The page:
There came a knock on the door. A servant opened the door and looked up to see a CID inspector standing before him. The inspector came in and waited until Phanindra had finished his lunch. As Phanindra came into the drawing room, the inspector placed a pamphlet on the table and said, “Have a look.”
Phanindra’s face went white momentarily as he saw the image of an older man and woman holding the severed heads of Bhagat Singh, Rajguru and Sukhdev. A message was printed on the bottom “Will you carry the traitor’s blot, or will you dare to wash it away?” He knew immediately that it was a message from the remaining revolutionaries in Punjab, directed towards Bihar. But he quickly composed himself, placing his hand on his Mauser, and expressed calmly, “I don’t understand what this means.”
The inspector looked at him with empathy but then handed him the picture. “It’s a message, Mr Ghosh,” he said. “A message from those who seek to avenge the death of Bhagat Singh and his comrades. And it seems you are at the wrong end of the message.”
Phanindra took the picture, studying it carefully. He knew it was a call to action, a challenge to the people of Bihar to carry the traitor’s blot or dare to cleanse it. But he also knew that he could not show fear or weakness in front of the inspector.
“I know what you’re talking about, Sir,” he said, his voice steady. “I am a loyal servant of the British Empire, as you well know. And I am confident that you and your people can handle any unforeseen situation. My trust in you is not misplaced, right?”
The inspector looked at him sceptically for a moment, then nodded. “Very well. We are here round the clock, but be alert, Mr Ghosh. Keep the Mauser close to you always.”
Phanindra nodded, watching as the inspector left the room. He knew he was in grave danger now that the revolutionaries were closing in on him. But he was not afraid. He knew that the British Empire would do whatever it took to protect him.
And so he sat there, holding the picture of Bhagat Singh’s severed head, and he felt nothing but cold, calculating resolve. He would not let anyone stand in his way. He would not let anyone challenge his authority. And he would do whatever it took to keep his enemies at bay.
Baikunth strolled through the bustling market of Mathurapur, the morning sun casting long shadows on the cobblestone streets. The air was crisp and cool, carrying the scents of fresh vegetables and spices. As he navigated the stalls, he mentally reviewed his shopping list, eager to return home with his groceries.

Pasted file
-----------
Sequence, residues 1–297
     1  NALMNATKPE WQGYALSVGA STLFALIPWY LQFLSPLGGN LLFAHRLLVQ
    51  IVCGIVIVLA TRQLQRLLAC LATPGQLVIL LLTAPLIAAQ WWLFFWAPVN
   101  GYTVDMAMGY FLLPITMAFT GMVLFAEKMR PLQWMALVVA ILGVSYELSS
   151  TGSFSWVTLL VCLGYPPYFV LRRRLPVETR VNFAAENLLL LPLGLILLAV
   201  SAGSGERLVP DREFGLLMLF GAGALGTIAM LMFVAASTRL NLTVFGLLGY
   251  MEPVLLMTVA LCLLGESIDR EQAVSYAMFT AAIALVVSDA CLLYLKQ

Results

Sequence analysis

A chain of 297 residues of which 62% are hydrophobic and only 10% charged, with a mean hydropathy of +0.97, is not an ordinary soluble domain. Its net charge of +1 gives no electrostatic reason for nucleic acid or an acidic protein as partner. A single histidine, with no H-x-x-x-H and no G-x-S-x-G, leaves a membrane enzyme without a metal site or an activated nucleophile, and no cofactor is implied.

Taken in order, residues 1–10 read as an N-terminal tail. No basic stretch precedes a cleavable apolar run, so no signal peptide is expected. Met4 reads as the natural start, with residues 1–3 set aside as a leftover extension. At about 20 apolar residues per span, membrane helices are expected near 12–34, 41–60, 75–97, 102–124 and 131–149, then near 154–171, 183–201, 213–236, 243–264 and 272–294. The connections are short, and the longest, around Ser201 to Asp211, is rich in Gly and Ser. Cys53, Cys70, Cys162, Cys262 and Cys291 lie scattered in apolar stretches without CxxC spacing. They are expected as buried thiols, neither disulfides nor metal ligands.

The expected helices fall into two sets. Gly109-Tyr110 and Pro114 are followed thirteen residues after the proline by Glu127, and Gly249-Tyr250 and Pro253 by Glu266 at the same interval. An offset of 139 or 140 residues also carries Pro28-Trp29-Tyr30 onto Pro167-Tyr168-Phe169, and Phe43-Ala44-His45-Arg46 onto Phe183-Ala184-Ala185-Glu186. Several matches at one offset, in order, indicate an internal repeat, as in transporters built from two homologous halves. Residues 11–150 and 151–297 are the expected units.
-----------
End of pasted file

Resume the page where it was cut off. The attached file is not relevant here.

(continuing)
Suddenly, the market’s hum was shattered by the sound of running feet and anxious shouts. A horde of police officers descended upon the scene, their faces stern and determined. Baikunth’s heart raced as he caught sight of a young boy sprinting through the crowd, a bundle of newspapers clutched tightly to his chest. The wind whipped at his heels, tugging at the papers, threatening to scatter them like leaves.
Baikunth’s eyes widened as a constable lunged forward, grabbing the boy’s arm and sending him tumbling to the ground. The newspapers burst from his grasp, each sheet carried away by the merciless wind. The police officers, as if following an unspoken command, frantically dashed about, snatching the flying papers from the air.
One of the newspapers spiralled toward Baikunth, coming to rest near his feet. Driven by curiosity and a sense of foreboding, he unfolded the paper, only to discover a pamphlet tucked between its pages. The faces of Bhagat, Sukhdev and Rajguru stared back at him, their expressions resolute and defiant.
Understanding dawned on Baikunth; this was the reason for the police’s frenzied pursuit. He hastily tucked the pamphlet into his sleeve, concealing the dangerous material. As a constable approached, Baikunth feigned nonchalance, handing the newspaper back to the officer.
“Here you go,” he said, his voice barely betraying the anxiety that roiled within him. “The wind carried it away.” The constable eyed him suspiciously, but nodded in thanks before hurrying off to continue his search. Baikunth’s heart hammered in his chest as he resumed his shopping, acutely aware of the pamphlet hidden in his sleeve. The atmosphere in the market had shifted, tension and fear now palpable in the air. He moved quickly, eager to return home, away from the watchful eyes of the police. As he walked, the pamphlet seemed to burn against his skin.
Despite the mass confiscation of pamphlets, some copies reached the hands of Yogendra in Hazaribagh Jail. Both Baikunth and Yogendra spent much time for the next few days staring at the severed heads and the message printed below.
Excerpted with permission from The Man Who Avenged Bhagat Singh, Abhijeet Bhalerao, Penguin India.